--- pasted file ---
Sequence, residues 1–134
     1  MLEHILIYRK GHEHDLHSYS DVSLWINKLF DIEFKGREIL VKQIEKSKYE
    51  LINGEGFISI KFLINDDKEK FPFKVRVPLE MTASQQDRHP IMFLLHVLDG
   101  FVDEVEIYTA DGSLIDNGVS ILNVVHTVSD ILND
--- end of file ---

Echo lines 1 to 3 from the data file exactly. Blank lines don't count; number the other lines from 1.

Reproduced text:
Sequence, residues 1–134
     1  MLEHILIYRK GHEHDLHSYS DVSLWINKLF DIEFKGREIL VKQIEKSKYE
    51  LINGEGFISI KFLINDDKEK FPFKVRVPLE MTASQQDRHP IMFLLHVLDG